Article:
Lost Einstein Telescope Put On Display
After 3 years and $10,000 worth of restoration costs, Albert Einstein’s long-lost telescope will be put on display at the Hebrew University in Jerusalem, an institution the theorist helped start.
The old reflecting telescope is bulky, but is still powerful enough to see Jupiter’s rings and it’s five moons.
Einstein received the telescope in 1954, one year before he died, as a gift from a friend named Zvi Gizeri. Officials at the university believe Gizeri may have made the telescope himself.
Many believed the lost telescope was left to the university because Einstein had also willed his records to the school. It took university officials a lot of luck and investigating to find it.
The telescope was originally discovered in a storage shed in the late 1990′s, but the computer specialist who found it did not recognize it as Einstein’s.
The 6 feet long telescope stands on a base believed to be taken from the German army. The recognizable base, which can be seen in a picture featuring Einstein and the telescope, and Gizeri’s signature on a mirror, led biologist Eshel Ophir to speculate that the telescope had been Einstein’s.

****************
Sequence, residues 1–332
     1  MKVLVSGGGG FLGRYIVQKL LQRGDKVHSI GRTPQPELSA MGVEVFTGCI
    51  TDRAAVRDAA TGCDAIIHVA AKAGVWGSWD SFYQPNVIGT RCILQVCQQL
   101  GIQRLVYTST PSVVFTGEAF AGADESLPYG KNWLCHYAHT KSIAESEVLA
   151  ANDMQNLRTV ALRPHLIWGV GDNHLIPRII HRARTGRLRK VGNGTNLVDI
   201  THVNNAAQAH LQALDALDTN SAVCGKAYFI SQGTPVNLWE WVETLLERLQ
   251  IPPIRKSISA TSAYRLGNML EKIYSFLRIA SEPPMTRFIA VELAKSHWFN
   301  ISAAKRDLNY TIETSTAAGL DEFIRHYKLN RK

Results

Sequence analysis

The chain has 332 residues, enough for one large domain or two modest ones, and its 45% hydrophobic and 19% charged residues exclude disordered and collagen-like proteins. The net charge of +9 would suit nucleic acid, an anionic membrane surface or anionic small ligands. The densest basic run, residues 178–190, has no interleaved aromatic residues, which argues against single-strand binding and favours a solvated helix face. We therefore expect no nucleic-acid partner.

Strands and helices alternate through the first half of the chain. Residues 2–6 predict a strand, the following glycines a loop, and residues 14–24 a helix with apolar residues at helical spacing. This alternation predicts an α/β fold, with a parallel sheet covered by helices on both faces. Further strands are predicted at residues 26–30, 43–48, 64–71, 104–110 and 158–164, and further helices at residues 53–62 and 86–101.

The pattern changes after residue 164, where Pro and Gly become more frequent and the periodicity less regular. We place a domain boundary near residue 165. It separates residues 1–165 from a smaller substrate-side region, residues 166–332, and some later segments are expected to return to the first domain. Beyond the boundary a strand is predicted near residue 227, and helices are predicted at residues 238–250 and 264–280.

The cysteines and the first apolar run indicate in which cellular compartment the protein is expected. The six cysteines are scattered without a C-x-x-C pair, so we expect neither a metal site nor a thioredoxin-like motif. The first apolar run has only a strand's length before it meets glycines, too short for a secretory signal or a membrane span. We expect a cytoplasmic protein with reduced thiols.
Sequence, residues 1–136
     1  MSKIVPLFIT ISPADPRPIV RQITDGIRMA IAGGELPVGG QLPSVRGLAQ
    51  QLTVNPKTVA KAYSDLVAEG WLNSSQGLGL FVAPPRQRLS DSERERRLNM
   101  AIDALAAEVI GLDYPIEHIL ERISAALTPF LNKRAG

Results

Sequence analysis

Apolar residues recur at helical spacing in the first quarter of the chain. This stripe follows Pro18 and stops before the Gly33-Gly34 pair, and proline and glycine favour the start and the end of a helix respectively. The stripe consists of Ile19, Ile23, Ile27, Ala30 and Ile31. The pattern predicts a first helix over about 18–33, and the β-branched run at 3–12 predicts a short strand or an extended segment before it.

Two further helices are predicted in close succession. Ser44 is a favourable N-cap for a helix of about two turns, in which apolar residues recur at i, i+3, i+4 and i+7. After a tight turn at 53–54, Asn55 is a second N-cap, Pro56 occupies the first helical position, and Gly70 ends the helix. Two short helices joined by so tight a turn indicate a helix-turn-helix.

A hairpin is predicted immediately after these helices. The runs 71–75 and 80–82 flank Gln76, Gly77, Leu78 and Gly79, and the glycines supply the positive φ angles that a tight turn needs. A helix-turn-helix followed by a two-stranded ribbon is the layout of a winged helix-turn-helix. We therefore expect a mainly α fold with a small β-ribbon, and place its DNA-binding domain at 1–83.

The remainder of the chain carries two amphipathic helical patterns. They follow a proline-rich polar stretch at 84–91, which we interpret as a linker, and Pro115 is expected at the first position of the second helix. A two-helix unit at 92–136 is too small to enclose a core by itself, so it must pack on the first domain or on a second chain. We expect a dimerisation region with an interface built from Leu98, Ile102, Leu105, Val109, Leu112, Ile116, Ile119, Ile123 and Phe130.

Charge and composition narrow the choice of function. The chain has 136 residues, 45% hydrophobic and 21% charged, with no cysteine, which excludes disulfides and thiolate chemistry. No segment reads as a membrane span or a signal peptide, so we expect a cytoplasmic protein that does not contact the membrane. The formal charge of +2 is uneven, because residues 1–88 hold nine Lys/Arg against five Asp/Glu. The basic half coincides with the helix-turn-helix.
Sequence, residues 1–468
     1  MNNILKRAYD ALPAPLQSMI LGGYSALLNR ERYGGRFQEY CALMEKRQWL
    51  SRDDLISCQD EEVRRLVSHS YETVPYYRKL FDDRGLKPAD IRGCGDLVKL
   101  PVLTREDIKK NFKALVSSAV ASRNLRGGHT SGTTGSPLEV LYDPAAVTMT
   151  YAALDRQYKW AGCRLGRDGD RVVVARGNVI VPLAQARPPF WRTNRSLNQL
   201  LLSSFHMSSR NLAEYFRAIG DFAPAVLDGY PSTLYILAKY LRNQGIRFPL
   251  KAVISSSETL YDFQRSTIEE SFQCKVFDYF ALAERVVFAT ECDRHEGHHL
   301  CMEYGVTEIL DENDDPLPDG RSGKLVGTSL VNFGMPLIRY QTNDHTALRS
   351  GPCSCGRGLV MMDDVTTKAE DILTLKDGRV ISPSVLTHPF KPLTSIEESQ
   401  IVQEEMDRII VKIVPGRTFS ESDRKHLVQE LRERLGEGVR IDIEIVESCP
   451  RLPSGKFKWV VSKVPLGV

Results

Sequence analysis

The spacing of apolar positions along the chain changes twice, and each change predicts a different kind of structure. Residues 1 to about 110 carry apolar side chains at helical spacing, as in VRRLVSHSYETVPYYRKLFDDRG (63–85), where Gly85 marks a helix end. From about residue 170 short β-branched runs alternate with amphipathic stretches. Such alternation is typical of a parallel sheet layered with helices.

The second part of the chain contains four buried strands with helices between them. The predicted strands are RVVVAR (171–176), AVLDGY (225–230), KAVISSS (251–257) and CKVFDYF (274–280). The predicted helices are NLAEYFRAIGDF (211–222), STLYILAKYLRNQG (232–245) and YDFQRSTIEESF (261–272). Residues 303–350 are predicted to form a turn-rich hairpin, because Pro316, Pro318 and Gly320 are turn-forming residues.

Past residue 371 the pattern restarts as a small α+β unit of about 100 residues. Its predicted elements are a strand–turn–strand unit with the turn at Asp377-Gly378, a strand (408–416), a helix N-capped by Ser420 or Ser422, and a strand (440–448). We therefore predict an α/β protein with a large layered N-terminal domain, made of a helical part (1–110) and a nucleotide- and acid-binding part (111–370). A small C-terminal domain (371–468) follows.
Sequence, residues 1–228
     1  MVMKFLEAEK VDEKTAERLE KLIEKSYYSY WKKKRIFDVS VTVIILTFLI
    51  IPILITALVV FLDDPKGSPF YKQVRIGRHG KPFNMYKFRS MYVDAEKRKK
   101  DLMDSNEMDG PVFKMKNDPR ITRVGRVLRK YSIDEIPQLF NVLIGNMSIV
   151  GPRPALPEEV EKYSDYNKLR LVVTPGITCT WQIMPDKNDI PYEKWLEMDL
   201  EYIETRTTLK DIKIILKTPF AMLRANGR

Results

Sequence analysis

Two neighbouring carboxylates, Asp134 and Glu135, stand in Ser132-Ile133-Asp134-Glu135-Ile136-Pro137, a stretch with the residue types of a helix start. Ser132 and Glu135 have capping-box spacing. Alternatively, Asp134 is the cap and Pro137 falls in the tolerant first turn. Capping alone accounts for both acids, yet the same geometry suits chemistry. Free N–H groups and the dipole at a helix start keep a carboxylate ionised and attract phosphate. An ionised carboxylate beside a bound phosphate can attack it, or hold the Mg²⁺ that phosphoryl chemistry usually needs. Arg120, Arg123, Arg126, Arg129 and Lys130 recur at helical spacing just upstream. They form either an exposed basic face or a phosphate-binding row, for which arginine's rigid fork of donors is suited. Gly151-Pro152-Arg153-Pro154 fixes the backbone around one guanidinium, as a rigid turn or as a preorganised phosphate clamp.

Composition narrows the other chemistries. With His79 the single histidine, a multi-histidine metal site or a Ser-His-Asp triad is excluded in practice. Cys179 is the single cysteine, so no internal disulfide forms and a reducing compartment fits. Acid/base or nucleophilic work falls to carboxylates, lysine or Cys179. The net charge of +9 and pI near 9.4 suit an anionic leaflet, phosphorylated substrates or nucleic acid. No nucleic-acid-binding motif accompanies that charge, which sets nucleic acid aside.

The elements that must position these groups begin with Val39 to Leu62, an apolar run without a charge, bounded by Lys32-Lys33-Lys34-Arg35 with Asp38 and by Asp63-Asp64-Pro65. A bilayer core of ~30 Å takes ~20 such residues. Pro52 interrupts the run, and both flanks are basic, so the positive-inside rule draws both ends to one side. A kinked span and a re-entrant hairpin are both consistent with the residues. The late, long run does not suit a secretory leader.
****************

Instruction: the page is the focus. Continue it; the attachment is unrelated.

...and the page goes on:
After searching through archives and photos, Ophir realized that the unceremoniously discovered telescope was indeed Einstein’s.
Ophir immediately took the telescope to the Meyerhoff Youth Center on the university’s campus to protect and clean it.
The device remains in it’s original state, with the exception of a new eyepiece.
It is unlikely that Einstein, a theoretician and Nobel Prize winner, had much use for a telescope.
“I don’t think anybody investigated Einstein’s star-gazing habits,” said Dvora Lang director of the Meyerhoff Youth Center. “But it was for his pleasure, not for his work.”
The telescope will go on display this Thursday at the Meyerhoff center. The event will occur in conjunction with Researchers Day, a celebration where schools across Europe open their laboratories to the public.
The telescope will remain at the Meyerhoff center to be used by students.
Lang hopes the telescope will inspire young Israelis to pursue and learn more about science.
“This is setting them on fire,” she said.
Image 2: Albert Einstein with the telescope (Photo: Courtesy of the Albert Einstein Archives)
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